Creative Pursuits and Lifelong Learning
“The more I live, the more I learn. The more I learn, the more I realize, the less I know.” – composer Michel Legrand
Here’s a simple question. How would you like to spend your later years? In front of a TV, or learning a new skill, taking an art or music class or engaged in a stimulating political discussion?
We thought so.
Moving into one of United’s older adult communities provides the opportunity to pursue activities and interests that might have been put on the back burner while you were raising a family.
United’s focus is on creativity, the arts and pursuing new learning opportunities. For example, each community has a central art studio that is open all the time, where residents can learn painting and other creative projects whenever the muse strikes.
“The creative urge isn’t governed by time. A brilliant idea can come at two in the morning, so our art studios are open every day of the week, 24 hours a day,” said Cailey Massey, creative facilitator. “As well, our creative programs are supported by professional artists who not only provide skill-building workshops, but know the history of each art form, which provides important context to what the residents are learning.”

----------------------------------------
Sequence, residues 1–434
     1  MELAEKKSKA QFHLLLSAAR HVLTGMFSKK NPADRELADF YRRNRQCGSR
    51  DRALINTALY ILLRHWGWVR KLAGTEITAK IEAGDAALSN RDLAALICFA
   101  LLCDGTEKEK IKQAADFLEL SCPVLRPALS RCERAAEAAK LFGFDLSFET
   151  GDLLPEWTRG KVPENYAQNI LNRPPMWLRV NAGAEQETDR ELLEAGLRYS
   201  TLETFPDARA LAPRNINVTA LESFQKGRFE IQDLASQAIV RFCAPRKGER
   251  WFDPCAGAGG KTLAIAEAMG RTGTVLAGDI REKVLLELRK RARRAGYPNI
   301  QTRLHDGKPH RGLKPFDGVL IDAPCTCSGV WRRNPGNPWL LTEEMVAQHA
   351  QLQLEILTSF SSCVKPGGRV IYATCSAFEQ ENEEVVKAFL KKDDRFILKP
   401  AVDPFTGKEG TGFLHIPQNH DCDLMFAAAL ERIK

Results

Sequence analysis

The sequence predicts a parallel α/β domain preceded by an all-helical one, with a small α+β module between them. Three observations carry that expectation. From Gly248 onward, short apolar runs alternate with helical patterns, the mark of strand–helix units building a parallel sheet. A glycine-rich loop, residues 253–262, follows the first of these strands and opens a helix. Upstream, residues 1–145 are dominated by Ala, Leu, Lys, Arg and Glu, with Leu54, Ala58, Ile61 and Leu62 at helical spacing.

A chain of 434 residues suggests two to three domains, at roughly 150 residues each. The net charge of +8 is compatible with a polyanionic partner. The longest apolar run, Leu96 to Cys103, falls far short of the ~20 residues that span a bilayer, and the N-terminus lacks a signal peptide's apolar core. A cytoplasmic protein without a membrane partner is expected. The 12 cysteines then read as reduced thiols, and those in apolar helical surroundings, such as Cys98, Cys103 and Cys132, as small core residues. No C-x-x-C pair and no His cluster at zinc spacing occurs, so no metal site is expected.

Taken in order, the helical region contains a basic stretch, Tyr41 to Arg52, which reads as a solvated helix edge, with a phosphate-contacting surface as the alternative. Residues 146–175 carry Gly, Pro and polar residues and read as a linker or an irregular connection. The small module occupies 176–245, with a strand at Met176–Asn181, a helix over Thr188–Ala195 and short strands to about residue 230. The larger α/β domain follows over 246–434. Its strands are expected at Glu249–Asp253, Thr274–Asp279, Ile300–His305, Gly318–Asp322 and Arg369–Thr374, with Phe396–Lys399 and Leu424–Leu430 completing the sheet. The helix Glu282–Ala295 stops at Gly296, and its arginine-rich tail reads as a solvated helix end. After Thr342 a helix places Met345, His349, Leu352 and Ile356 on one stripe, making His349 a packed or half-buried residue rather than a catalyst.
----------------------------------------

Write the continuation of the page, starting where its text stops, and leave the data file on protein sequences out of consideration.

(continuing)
Both Garrison Green and Fish Creek communities have art galleries, where resident artworks are displayed. These galleries are also used to display art from outside the community, and occasionally from renowned local and regional artists.
At Fish Creek, we have a large number of artworks by John Snow, who was a prolific artist whose works are highly collectable. Residents and families can enjoy the United Collection artworks any time, while the greater community can schedule an appointment to view the artworks as well as our resident art gallery.
In the courtyard at Fish Creek are several large sculptures by renowned Canadian artists. The sculptures are interactive, and add interesting visual elements to an already relaxing environment.
Some might say that devoting floor space to an art gallery in an older adult community is not efficient use of space, but president Gail Hinchliffe says the focus on creativity is paramount. “Our focus is on stimulating the mind, to play on a person’s urge to be creative. A gallery helps that focus, and builds self-esteem. There’s nothing like seeing your latest work on display!”
The reaction from adult children to seeing their parents engaged in a new interest is priceless. Gail explains in this short video.
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